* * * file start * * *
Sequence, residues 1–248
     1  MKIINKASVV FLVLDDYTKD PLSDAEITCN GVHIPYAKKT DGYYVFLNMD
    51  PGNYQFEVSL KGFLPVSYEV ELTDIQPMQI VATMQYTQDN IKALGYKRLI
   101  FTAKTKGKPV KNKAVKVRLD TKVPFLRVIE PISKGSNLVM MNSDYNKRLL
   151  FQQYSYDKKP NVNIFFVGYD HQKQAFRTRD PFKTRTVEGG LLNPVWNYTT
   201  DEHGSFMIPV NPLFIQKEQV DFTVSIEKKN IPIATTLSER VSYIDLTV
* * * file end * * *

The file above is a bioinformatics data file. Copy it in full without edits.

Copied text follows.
Sequence, residues 1–248
     1  MKIINKASVV FLVLDDYTKD PLSDAEITCN GVHIPYAKKT DGYYVFLNMD
    51  PGNYQFEVSL KGFLPVSYEV ELTDIQPMQI VATMQYTQDN IKALGYKRLI
   101  FTAKTKGKPV KNKAVKVRLD TKVPFLRVIE PISKGSNLVM MNSDYNKRLL
   151  FQQYSYDKKP NVNIFFVGYD HQKQAFRTRD PFKTRTVEGG LLNPVWNYTT
   201  DEHGSFMIPV NPLFIQKEQV DFTVSIEKKN IPIATTLSER VSYIDLTV